Both Critical Service Levels (CSLs) and Key Performance Indicators (KPIs) are evaluation metrics that monitor Service Level Agreement (SLA) performance data. Though they appear similar, they have distinct functions that work in tandem to enable the improvement of managed services.

Both metrics’ general functions can be defined as follows:

  • CSLs double as evaluation and action tools tasked with remediation, service enforcement responsibilities, and penalty governance
  • KPIs collect and report performance data for analysis, providing information for operational adjustments and aspirational goal-setting

Other distinguishing elements are less obvious and it is easy to confuse the two in practice.

Here are 6 primary differences to help clarify their roles and guide your efforts when defining and classifying service levels.

Operational roles

Both CSLs and KPIs provide continuous evaluations to ensure vendors fulfill their SLA requirements. But their specific operational responsibilities differ.

CSLs focus on correction and remediation, triggering actions in the case of a failed service level that directly impact business outcomes. They are based on quantifiable, objective data to prove under-performance and hard business consequences in real time.

KPIs function as reporting and projection tools. Besides providing vision of service processes and operational efficiencies, they are used to project potential outcomes and plan contingencies for resultant scenarios.

Operational scope

CSLs are always benchmarked against current capabilities and established SLA scope. Effective CSLs illustrate the connections between SLA clauses, vendor solutions, and target service levels, and how their dynamics impact performance.

As tools focused on potential, KPIs can include non-SLA objectives and make future performance projections. Any qualitative factors and aspirational targets not presenting quantifiable business impacts are also classified as KPIs.

Common users

Although both metrics convey valuable information for client performance management teams, they have different common user bases.

The CSL focus on real-time data makes them invaluable for front-end business users as they test deployed solutions and contribute data to evaluation.

Business users can range from client employees to vendors, and CSLs are standardized across managed service portfolios to maximize their effectiveness as comparative evaluation tools.

KPIs do not need strictly quantified data to function effectively. Back-end operational teams leverage KPI data to evaluate service performance, identify underperforming processes, and formulate optimization adjustments.

Highly organization-specific, KPIs are closely aligned to internal business goals and often utilize exclusive metrics and formats absent from formal SLA clauses or those used by CSLs.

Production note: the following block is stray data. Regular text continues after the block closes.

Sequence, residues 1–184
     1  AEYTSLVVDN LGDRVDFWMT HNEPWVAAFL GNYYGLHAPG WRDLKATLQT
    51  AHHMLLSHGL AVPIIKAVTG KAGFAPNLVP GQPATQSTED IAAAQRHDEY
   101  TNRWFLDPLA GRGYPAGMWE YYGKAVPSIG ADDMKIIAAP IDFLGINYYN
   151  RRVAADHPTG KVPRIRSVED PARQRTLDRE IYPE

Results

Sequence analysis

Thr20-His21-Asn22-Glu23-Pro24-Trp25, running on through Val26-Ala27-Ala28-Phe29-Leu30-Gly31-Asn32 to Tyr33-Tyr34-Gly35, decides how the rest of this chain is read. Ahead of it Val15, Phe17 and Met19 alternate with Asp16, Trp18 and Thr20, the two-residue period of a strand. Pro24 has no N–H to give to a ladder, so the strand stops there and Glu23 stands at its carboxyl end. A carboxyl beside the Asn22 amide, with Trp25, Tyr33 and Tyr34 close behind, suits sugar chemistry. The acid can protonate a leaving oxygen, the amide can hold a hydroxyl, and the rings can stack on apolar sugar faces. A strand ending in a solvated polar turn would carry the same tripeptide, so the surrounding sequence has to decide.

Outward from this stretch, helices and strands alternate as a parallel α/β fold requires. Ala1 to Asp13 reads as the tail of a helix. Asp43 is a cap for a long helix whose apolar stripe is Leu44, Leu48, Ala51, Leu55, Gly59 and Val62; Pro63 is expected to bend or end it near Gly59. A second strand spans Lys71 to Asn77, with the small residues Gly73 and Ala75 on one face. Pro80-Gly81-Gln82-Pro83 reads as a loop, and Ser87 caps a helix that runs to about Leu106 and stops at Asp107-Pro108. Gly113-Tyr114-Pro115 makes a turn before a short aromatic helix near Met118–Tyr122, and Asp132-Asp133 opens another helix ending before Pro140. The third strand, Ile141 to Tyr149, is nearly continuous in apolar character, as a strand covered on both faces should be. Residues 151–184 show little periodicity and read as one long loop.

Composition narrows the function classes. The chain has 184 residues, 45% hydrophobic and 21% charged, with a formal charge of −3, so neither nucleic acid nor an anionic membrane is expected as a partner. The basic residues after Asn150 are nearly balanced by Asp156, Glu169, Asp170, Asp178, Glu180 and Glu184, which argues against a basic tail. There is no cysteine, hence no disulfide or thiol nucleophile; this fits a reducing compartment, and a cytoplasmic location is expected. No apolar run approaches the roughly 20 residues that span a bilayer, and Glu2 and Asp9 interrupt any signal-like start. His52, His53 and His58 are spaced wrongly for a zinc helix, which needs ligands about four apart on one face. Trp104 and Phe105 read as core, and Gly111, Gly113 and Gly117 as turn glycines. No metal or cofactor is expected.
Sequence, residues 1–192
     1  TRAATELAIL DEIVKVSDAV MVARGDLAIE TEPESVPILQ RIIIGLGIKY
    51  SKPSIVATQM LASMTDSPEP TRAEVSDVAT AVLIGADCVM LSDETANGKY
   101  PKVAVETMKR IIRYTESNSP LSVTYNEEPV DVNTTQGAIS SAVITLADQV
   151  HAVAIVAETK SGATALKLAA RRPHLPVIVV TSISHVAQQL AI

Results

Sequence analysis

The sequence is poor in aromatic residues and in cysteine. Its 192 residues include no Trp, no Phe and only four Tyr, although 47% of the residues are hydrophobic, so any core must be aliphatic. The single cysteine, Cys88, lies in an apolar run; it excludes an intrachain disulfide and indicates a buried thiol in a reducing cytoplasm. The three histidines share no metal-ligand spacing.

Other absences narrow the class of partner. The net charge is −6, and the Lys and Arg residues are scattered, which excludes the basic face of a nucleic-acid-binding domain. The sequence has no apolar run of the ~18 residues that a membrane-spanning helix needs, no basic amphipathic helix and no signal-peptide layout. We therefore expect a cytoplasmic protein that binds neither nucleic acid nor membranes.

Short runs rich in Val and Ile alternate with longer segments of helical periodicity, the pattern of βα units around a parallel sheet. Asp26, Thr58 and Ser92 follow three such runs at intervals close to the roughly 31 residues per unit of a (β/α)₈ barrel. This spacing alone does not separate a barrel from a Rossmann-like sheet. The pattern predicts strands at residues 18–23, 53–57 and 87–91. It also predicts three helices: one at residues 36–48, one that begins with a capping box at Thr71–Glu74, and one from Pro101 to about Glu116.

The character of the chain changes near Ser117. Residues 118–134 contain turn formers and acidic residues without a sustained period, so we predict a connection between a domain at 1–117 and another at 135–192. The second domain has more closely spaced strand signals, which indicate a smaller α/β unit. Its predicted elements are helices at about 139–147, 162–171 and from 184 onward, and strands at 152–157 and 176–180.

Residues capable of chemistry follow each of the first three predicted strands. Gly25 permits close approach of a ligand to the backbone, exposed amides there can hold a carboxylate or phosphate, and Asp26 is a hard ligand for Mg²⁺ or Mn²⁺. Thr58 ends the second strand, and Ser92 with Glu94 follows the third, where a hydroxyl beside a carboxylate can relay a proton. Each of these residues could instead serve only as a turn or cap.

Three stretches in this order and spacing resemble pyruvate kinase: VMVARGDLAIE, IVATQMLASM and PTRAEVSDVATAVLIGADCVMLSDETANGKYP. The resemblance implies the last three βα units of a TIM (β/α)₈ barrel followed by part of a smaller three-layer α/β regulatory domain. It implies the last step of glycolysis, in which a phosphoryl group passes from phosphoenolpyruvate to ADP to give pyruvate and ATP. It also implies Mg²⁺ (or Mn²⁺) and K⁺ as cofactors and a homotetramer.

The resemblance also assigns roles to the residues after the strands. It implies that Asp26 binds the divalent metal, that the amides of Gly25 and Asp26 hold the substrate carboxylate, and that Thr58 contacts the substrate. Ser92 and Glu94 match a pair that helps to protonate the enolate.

Data types and cost-effectiveness

The disparity in the types of collected data means CSLs and KPIs have vastly different requirements to stay cost-effective:

CSL reliance on verified, quantitative data necessitates rigorous, consistent, and standardized capture methods. Maintenance costs incurred from formulating these specifications must remain lower than the cost of tracking the data.

Vendor compliance costs should also be set below the costs of a continued failure to achieve service levels to incentivize vendor correction and dissuade contract termination.

KPIs do not execute corrective or proactive action and incur minimal operating costs. Their focus on data capture, projection, and inclusion of intangible qualities means they can function with little expenditure.

Risk distribution and trigger actions

Both metrics have divergent load-bearing responsibilities regarding risk – and trigger separate actions in the case of vendor failure to achieve target service levels.

CSLs measure business state and performance impacts to regulate risk between clients and suppliers, setting terms that balance risk fairly and effectively.

Failed CSLs trigger a Root Cause Analysis (RCA) to locate the source of the problem, avoiding limited responses to surface-level issues. Subsequent findings inform the formulation of a related action plan to address the issue at its source.

KPIs exist to collect and report data, not interpret it. Neither client nor supplier is required to share internal KPIs, and they are therefore incapable of carrying or regulating shared risk.

Although a service level failure might trigger a KPI-led response, an RCA is rarely executed, and the action plan does not need to align with common service levels.

In the case of failure: vendor consequences

Vendor failures to meet CSL targets can trigger the application of service level credits. Alternative penalties can be applied in the case of a failure to meet multiple targets, or repeated failure to meet a specific target. In severe cases, penalties can include contract termination without client penalties.

By contrast, KPIs cannot inflict punitive measures on vendors. The lack of regulation and transparency between client and supplier KPIs makes standardized performance measurement and consistent, fair penalties impossible.


The specific metrics of effective CSLs and KPIs with well-defined operational responsibilities vary based on enterprise state, business objectives, vendor capabilities, SLA terms, and other unique factors. Expert guidance is recommended to define and classify service levels efficiently and achieve target outcomes.

Have a question? Just ask.

Wavestone experts have in-depth experience defining effective CSLs and KPIs to ensure optimal service levels.